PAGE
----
“And there was never a better time to delve for pleasure in language than the sixteenth century, when novelty blew through English like a spring breeze. Some twelve thousand words, a phenomenal number, entered the language between 1500 and 1650, about half of them still in use today, and old words were employed in ways not tried before. Nouns became verbs and adverbs; adverbs became adjectives. Expressions that could not have grammatically existed before – such as ‘breathing one’s last’ and ‘backing a horse’, both coined by Shakespeare – were suddenly popping up everywhere.”
Shakespeare: The World as Stage by Bill Bryson
Dear … My face is politeness for You.
It’s been a hard day’s night. As to me. I guess for You too. I must be in a harry – I”m under thumb of my wife. I carefully exam Your docs and let You know some later. Mayby today.
I wish You unforgettable everning. Cordially, Mr …
“But you were always a good man of business, Jacob,” faltered Scrooge, who now began to apply this to himself. “Business!”cried the Ghost, wringing its hands again. “Mankind was my business; charity, mercy, forbearance, and benevolence, were, all, my business. The deals of my trade were but a drop of water in the comprehensive ocean of my business!”
A Christmas Carol by Charles Dickens
The elderly Mr SM (Shipping Magnate) ushered us into his substantial office and gestured to the leather sofa. “I give you two minutes,” he held up two fingers and perched his slightly unkempt, rather portly, untucked self on the arm of a chair. “I tell you what to do if you want to work with us,” he began.
“There was no doubt about it. Sister Evangelina’s action had been brilliant. A masterstroke. To say that a fart cleared the air may seem a contradiction in terms, but life is full of contradictions.”
Call the Midwife: A True Story of the East End in the 1950’s by Jennifer Worth
Hubby: Father Zachariah, I’m taking over my father’s business next year and I wonder if you have any advice for me?
Father Zachariah: There were once three monks. One monk rose early every morning and left the cottage to work in the fields. It was back-breaking work. He only returned home as darkness fell, but he provided all the food and income for the household. The second monk was very ill and spent all day in bed, praying. The third monk remained at the cottage to care for his brother. Which one has done a full day’s work, I ask you? Continue reading Monastic musings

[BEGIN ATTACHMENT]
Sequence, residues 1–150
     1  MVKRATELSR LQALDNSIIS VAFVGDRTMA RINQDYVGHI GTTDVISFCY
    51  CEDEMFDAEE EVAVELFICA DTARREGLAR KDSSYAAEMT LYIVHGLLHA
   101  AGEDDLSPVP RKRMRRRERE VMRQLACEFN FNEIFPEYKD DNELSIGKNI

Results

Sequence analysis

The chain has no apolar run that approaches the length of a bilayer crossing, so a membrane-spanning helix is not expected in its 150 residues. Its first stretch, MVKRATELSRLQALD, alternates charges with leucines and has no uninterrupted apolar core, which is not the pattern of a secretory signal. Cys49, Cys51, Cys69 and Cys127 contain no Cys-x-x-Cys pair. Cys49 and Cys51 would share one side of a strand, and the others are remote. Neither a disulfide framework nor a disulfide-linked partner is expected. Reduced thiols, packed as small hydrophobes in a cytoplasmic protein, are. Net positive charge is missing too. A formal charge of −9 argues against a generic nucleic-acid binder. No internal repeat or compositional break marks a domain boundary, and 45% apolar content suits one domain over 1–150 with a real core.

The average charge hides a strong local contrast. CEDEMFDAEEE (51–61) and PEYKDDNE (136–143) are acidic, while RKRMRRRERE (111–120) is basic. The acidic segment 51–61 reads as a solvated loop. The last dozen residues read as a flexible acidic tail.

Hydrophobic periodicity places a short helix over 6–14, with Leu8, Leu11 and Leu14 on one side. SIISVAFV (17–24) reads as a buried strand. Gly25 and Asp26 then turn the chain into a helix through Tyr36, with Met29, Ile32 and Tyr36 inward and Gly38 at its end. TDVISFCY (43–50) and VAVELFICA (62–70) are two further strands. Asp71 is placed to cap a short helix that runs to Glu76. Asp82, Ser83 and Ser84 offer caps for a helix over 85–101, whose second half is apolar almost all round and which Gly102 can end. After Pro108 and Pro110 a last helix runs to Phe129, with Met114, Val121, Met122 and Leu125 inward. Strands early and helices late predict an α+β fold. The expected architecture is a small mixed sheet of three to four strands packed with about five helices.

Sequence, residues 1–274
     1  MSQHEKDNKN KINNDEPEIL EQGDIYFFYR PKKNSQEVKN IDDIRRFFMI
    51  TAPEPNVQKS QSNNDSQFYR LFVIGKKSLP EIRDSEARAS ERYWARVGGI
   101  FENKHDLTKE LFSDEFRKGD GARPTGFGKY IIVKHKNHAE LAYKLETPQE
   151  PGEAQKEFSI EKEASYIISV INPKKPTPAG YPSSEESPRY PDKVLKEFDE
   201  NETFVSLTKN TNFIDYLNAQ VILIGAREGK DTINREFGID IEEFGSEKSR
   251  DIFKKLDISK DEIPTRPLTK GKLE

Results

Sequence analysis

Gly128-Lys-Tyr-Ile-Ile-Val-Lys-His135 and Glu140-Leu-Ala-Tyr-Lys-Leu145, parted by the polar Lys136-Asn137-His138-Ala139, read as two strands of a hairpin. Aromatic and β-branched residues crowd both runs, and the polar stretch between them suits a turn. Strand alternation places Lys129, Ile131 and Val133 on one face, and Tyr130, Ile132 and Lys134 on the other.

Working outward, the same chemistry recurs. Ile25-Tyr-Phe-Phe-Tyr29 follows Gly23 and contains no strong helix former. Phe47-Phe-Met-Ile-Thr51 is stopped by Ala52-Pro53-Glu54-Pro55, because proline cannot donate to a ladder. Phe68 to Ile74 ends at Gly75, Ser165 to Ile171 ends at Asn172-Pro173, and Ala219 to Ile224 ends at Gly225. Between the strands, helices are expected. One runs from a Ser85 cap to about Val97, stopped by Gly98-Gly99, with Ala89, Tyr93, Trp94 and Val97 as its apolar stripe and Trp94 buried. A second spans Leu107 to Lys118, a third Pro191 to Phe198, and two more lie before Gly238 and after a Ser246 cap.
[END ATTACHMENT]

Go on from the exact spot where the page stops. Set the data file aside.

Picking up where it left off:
“[South Africans] are on friendly terms with time, and the plan of beguiling or killing it does not come into their heads. In fact the more time you can give them, the happier they are, and if you commission a [South African] to hold your horse while you make a visit, you can see by his face that he hopes you will be a long, long time about it. He does not try to pass the time then, but sits down and lives.”
Out of Africa (with a bit of poetic licence) by Karen Blixen
Breaking news this morning was that the ANC has officially decided to recall Jacob Zuma. Journalists are calling it Zexit (thanks David Cameron) and Z-Day (thanks WW2).
“It is useless to describe the astonishing performances of the acrobats and gymnasts. The turning on ladders, poles, balls, barrels, &c., was executed with wonderful precision. But the principal attraction was the exhibition of the Long Noses, a show to which Europe is as yet a stranger. These noses were made of bamboo, and were five, six, and even ten feet long, some straight, others curved, some ribboned, and some having imitation warts upon them. It was upon these appendages, fixed tightly on their real noses, that they performed their gymnastic exercises.”
Around the World in 80 Days by Jules Verne
Coated and scarfed, we trooped across the common, crunching leaves under foot. The almost-full moon brightened the autumn sky. Circusy-music drifted towards us on the breeze, promising high-wire tension and hilarity.
Some 35 years ago I’m sure I must have run, towing one of my parents behind me, across the entire dusty field to the circus entrance, a similar pink ticket stub in my small hand. White horses with plumes, the smell of damp straw, animal cages, waistcoated monkeys and hotdogs – the Boswell Wilkie Circus! Continue reading Send in the Clowns